In a recent en banc decision, the Pennsylvania Commonwealth Court has reiterated that an insurer's subrogation rights may be asserted against future medical expenses, as well as against future wage loss benefits, when there is a balance of recovery after satisfying the insurer's accrued lien for workers' compensation benefits already paid.
In Whitmoyer v. WCAB (Mountain Country Meats, No. 614 C.D. 2015; FILED: 12/1/2016, the Court rejected several new novel arguments that attempted to prevent subrogation against future medical expenses. The third-party recovery exceeded the accrued lien by $189,416.27. This "balance of recovery" constituted a fund available to satisfy the insurer's subrogation interests against future workers' compensation obligations as they accrue. In this case, there were no future wage loss or indemnity benefits to be paid because the employee's specific loss benefits were commuted and previously paid in a lump sum. The insurer remained responsible for future medical expenses. The employee first argued that the insurer was not entitled to a subrogation "credit" against future medical expenses because they did not constitute "installments of compensation" under Section 319 of the Pennsylvania Workers' Compensation Act. The Court rejected this argument and followed past precedent holding that "compensation" includes medical as well as indemnity benefits despite the installment language in Section 319.
The Court rejected the employee's second argument that a letter from the employee's counsel created a binding agreement when it enclosed payment of the accrued subrogation lien and stated the employee's position that no credit can be applied to future medical bills because they do not constitute future installments of compensation. The Court held that the letter was not an agreement and it was inconsistent with the Third-Party Settlement Agreement, a document that specifically addressed the subrogation rights of the parties. The Court also rejected the employee's third argument that acceptance of the subrogation payment combined with the employee's explanation of his position that subrogation credit would not apply to future medical benefits constituted a waiver of future subrogation rights.The Court reasoned that the alleged waiver was not clear and was certainly not supported by the necessary "consideration."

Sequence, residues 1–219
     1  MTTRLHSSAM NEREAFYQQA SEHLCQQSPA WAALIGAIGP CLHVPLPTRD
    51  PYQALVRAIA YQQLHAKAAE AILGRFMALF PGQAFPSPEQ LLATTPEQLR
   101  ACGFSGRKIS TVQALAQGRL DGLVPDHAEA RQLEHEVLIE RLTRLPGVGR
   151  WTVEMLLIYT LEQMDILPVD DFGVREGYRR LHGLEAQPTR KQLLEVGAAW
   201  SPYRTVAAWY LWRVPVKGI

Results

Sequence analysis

Finally, the Court rejected the employee's fourth argument that the insurer should be estopped from asserting a claim for credit against future medical expenses because the insurer took no action to assert its credit for 13 years. The Court reasoned that that insurer's right to subrogation is absolute and is not barred by delayed conduct to assert that right unless the insurer engages in deliberate bad faith conduct, which was absent here.
Comment: An insurer clearly has the right to assert subrogation against future medical expenses to the extent that the balance of recovery exceeds the net accrued lien. However, that credit, allowing the insurer to not pay future medical bills (a holiday on medical payments), is subject to a pro rata reimbursement to the employee of the costs of recovery, i.e., attorneys' fees and litigation costs. The insurer should think of that as paying for the holiday it gets each time it does not have to pay a medical bill. As a practical matter, when medical bills are infrequent or insignificant, an insurer may choose to assert its subrogation credit/holiday only against the ongoing disability/indemnity payments as a matter of administrative convenience, as long as such benefits are being paid. While the insurer's subrogation rights are absolute under the law, careful drafting of Third-Party Settlement Agreements clearly stating the understanding of the parties can help avoid challenges to an insurer's subrogation rights.
Sara L. De Long